As a new work week has started Monday in Asia, a number of countries including Japan, South Korea, and China were also greeted with the effects of the global cyberattack that affected the UK and the rest of Europe over the weekend. Chinese state media say more than 29,000 institutions across the country have been infected by the attacks known as “ransomware.” And as the U.S. is about to open a new work week in a matter of hours, there are fears that Monday could bring a wave of attacks on the nation as well.
Caleb Barlow, vice president of threat intelligence for IBM has issued the warning that how the infections spread across Europe and Asia will be telling for business in the U.S. Europol has reported that the cyberattack has hit 200,000 computers in more than 150 countries.
The main target of the attacks may have been outside the U.S. but both the government and American corporations are not relaxing by assuming that the country will continue to be safe from the attacks. In fact, the Trump administration said Sunday that the components of the “ransomware” may be more complex than originally believed. Experts have also issued a warning that the effects of the attacks could linger further.
In anticipation to the possible vulnerabilities of the U.S., President Trump has instructed his homeland security adviser, Thomas P. Bossert, who has a background in cyber issues, to coordinate the government’s response to the spread of the malware and assist in organizing the search for who was behind the crime.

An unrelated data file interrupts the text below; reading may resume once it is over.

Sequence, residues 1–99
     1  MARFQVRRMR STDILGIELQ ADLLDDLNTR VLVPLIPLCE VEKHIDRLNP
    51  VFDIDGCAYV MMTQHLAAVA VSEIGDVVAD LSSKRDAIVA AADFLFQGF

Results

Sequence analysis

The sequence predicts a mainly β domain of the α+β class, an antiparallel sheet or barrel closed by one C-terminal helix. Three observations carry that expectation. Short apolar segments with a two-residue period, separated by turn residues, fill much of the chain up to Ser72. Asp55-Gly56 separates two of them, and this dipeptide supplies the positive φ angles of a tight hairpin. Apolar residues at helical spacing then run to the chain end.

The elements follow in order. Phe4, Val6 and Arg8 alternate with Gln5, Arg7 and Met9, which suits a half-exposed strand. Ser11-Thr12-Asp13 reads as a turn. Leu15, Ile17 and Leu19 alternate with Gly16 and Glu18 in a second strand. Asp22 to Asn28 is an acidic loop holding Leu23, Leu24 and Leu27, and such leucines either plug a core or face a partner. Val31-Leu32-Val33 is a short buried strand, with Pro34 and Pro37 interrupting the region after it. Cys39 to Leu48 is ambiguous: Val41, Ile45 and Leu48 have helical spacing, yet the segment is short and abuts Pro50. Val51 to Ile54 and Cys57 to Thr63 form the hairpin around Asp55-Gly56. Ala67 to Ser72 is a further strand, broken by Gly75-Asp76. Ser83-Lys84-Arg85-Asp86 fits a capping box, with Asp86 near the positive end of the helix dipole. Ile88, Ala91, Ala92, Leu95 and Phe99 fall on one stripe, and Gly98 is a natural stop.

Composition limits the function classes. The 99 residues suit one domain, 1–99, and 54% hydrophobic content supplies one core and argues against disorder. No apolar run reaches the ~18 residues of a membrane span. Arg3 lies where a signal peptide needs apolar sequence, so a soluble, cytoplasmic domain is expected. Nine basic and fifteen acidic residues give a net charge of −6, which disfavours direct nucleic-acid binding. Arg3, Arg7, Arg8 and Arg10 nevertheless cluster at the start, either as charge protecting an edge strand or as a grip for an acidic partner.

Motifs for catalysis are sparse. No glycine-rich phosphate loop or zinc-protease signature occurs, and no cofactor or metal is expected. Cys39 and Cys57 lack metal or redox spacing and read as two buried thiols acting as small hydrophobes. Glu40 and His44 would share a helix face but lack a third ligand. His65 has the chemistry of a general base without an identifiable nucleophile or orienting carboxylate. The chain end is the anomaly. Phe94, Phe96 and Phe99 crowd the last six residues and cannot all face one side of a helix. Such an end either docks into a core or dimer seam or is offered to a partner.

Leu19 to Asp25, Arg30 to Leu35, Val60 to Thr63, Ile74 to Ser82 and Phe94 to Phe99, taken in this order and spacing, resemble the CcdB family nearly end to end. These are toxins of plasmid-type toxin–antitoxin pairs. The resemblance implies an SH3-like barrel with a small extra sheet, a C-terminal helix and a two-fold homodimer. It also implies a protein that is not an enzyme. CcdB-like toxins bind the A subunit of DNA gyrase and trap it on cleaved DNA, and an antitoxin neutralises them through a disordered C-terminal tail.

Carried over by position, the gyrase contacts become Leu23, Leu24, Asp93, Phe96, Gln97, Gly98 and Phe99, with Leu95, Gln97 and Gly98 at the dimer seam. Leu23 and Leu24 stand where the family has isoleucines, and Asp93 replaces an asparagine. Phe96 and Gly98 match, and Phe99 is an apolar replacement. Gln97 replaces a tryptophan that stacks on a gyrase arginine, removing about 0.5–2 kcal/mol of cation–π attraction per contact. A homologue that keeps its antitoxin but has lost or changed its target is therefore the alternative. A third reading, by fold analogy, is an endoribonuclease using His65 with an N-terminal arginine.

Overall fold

Current attacks are said to be in the “second wave” already. The attackers have also released copycat variants of the malware, and experts are warning that more could be expected.
A 22-year-old British researcher who uses the Twitter name MalwareTech has been hailed as an accidental hero for inadvertently helping to thwart the spread of the assault by identifying the web domain for the hackers “kill switch”- a way of disabling the malware. The cyber security researcher’s action proved crucial because even though his solution came too late to help the UK and European organizations already badly hit by the attack, it gave precious time over the weekend for those here in the U.S. to set up defenses against the malware.
On Sunday, MalwareTech was one of many security experts who warned that a less-vulnerable version of the malware is likely to be released. On Twitter, he advised users to immediately install a security patch for older versions of Microsoft’s Windows, including Windows XP. The attack did not target Windows 10.
The Microsoft patch will help, but installing it across large organizations will take time. What is also being feared is that security specialists may not be able to keep pace with attackers.
Robert Pritchard, a former cybersecurity expert at Britain’s defense ministry, said that the vulnerability still exits; other people are bound to exploit it. The current variant will make its way into antivirus software. He raised concerns about any new variants that will come in the future.